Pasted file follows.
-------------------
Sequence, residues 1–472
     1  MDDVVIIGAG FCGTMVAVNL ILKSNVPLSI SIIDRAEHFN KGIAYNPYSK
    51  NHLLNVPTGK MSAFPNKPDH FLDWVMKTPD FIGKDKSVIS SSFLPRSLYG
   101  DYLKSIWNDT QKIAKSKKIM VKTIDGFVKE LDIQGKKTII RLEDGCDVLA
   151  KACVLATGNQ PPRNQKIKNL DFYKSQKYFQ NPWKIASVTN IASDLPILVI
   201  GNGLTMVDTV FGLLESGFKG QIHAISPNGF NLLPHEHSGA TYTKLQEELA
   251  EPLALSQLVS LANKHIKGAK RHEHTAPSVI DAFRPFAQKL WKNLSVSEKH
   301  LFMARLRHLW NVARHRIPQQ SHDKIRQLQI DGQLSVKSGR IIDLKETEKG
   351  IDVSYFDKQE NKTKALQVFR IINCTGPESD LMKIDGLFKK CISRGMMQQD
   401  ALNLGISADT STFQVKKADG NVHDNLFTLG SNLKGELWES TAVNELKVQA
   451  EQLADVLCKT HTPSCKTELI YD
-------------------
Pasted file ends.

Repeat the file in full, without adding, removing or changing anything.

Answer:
Sequence, residues 1–472
     1  MDDVVIIGAG FCGTMVAVNL ILKSNVPLSI SIIDRAEHFN KGIAYNPYSK
    51  NHLLNVPTGK MSAFPNKPDH FLDWVMKTPD FIGKDKSVIS SSFLPRSLYG
   101  DYLKSIWNDT QKIAKSKKIM VKTIDGFVKE LDIQGKKTII RLEDGCDVLA
   151  KACVLATGNQ PPRNQKIKNL DFYKSQKYFQ NPWKIASVTN IASDLPILVI
   201  GNGLTMVDTV FGLLESGFKG QIHAISPNGF NLLPHEHSGA TYTKLQEELA
   251  EPLALSQLVS LANKHIKGAK RHEHTAPSVI DAFRPFAQKL WKNLSVSEKH
   301  LFMARLRHLW NVARHRIPQQ SHDKIRQLQI DGQLSVKSGR IIDLKETEKG
   351  IDVSYFDKQE NKTKALQVFR IINCTGPESD LMKIDGLFKK CISRGMMQQD
   401  ALNLGISADT STFQVKKADG NVHDNLFTLG SNLKGELWES TAVNELKVQA
   451  EQLADVLCKT HTPSCKTELI YD